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A penny for education?
A statewide initiative eyes a higher sales tax for schools.
Islanders Elaine vonRosenstiel and Bill Marler have a new solution to shrinking education dollars:
Multiply one penny times millions of voters and carry the sum to schools.
VonRosenstiel, co-founder of the League of Education Voters, and Marler, a Seattle attorney, hope voters will support a statewide initiative to bolster education funding in Washington. Backers say the measure would raise $1 billion through a one-cent, statewide sales tax, an initiative endorsed by Gov. Locke that could appear on the November ballot.
If voters raise the sales tax from 6.5 to 7.5 percent, the initiative would establish a Washington Education Trust Fund to address long-standing problems in education, including class size and teacher shortages.
We are very excited about this bold plan for education, vonRosenstiel said. It was built with help from the hundreds of people around the state who attended our community meetings, sent us emails, and weighed in one way or another. The (initiative) has been a team effort.
The measure would bring about $1.2 million dollars to Bainbridge schools, which rank near the bottom of the states 296 school districts in per-pupil funding some $500 per pupil less than the state average.
Wed be able to address many of the issues that we have had to set aside for now, Bainbridge Superintendent of Schools Ken Crawford said. First and foremost, we could increase the number of teachers.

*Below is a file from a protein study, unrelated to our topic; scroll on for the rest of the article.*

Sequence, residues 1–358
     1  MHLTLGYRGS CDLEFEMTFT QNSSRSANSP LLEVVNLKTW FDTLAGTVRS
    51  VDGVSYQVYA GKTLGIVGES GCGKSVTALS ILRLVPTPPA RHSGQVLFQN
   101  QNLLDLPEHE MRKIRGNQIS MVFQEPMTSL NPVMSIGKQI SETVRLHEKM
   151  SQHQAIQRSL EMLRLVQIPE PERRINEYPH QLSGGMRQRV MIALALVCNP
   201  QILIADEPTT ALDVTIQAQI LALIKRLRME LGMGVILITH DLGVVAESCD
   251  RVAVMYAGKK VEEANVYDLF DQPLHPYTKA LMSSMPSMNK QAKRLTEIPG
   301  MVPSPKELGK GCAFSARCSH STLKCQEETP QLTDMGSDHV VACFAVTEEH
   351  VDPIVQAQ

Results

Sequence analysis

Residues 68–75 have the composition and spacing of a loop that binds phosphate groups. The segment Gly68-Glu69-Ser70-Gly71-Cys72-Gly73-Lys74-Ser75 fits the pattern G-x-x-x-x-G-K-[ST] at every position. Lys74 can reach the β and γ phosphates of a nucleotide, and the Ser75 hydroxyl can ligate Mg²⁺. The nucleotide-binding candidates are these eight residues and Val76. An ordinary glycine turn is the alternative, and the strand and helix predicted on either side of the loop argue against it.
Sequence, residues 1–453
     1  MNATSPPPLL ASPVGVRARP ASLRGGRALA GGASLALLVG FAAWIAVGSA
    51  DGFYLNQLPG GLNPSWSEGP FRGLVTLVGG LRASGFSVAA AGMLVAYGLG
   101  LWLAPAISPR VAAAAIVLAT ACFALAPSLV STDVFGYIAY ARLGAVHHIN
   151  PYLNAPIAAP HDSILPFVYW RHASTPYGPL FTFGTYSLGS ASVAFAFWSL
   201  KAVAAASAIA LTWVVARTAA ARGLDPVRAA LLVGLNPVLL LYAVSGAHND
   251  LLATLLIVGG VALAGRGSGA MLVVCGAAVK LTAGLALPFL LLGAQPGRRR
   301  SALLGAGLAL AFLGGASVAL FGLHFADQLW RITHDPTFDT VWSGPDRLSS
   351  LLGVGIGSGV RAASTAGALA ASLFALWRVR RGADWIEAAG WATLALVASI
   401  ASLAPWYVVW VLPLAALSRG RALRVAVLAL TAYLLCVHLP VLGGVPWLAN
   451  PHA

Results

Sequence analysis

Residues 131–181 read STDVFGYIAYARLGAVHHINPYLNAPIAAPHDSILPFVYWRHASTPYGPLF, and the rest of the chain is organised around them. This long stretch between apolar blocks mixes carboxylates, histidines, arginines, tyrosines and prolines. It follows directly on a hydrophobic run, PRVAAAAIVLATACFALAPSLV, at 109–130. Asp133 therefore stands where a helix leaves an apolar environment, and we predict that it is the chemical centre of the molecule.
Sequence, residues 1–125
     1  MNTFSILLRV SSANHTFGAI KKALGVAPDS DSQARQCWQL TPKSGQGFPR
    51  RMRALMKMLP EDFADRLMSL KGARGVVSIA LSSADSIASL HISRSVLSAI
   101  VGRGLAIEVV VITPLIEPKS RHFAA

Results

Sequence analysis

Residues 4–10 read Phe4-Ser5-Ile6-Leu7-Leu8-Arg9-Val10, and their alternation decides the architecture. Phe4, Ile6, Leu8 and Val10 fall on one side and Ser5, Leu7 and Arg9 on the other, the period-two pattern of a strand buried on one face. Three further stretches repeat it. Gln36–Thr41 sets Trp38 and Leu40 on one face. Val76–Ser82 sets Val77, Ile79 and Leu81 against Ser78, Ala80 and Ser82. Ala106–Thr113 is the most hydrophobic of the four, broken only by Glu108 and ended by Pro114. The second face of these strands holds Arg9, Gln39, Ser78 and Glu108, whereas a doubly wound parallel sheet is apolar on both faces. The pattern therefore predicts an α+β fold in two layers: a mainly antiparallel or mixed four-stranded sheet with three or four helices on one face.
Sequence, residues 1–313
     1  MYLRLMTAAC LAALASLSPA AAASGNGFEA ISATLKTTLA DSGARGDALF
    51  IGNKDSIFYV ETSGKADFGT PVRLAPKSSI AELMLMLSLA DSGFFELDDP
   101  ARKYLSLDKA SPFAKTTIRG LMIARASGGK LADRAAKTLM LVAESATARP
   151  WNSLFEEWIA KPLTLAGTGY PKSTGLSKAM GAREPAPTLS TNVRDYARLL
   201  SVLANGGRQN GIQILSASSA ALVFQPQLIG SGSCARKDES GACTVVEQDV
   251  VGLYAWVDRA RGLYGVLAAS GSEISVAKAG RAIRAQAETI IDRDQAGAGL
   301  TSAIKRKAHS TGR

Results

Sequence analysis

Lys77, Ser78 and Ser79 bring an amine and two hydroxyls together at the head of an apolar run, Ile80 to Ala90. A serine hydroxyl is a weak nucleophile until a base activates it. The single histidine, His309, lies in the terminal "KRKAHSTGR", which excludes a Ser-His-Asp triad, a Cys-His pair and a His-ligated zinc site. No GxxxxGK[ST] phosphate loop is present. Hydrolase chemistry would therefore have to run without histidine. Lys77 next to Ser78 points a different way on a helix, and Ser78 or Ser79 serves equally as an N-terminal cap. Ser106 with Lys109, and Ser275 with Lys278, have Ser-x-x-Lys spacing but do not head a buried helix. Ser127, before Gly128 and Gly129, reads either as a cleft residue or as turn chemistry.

The need to find a new source of revenue has acquired more urgency, vonRosenstiel and Marler say, as schools try to serve what will be the largest class in state history, slated to graduate in 2008.
As those students head for college, the need for higher education slots will increase.
By 2020 well need 100,000 more spaces, Marler said. Thats (the equivalent of) two University of Washingtons and another Washington State University.
A hallmark of the initiative, they says, is its inclusive approach.
Rather than apply a band-aid to a localized problem or a targeted age group, trust proponents many of whom have analyzed the states education system for years want systemic change for K-12 and higher education.
The Washington Education Trust Fund would support:
10,000 preschool slots for low-income children;
25,000 more enrollment slots in community and technical colleges and four-year universities, and 7,000 additional spaces for students pursuing education in high-demand fields like nursing;
Class size reduction, full-day kindergarten, before- and after-school programs;
Teacher training and advanced certification, with emphasis on academic areas where the shortage is acute, such as math and science;
Help students meet new academic standards;
Scholarships for the top 30 percent of high school graduates and financial aid for working and middle-class families;
University-based programs and research that fuel economic development in Washington.
The trust would step into the funding gaps left when I-728, the Student Achievement Initiative passed by 72 percent of Washington voters in 2000 to funnel funds to schools, was eroded by subsequent education cuts by the Legislature.
The proposed trust has been constructed as bullet-proof, vonRosenstiel and Marler say, with language that specifies that access to any of the funding by the Legislature is contingent on maintaining current levels of support for education support mandated in the state constitution since the late 1970s, but consistently eroded.
To ensure local control of the funds, a citizen oversight board would audit programs and report findings to the public
The league conducted extensive polling throughout the state that showed over 60 percent of voters in Washington in favor of a 1 cent sales tax if the money goes to education. But the league and allies will continue to elicit public support throughout the spring and summer.
We hope that well get help spreading the word, vonRosenstiel said, about why we need to support our children and invest in education.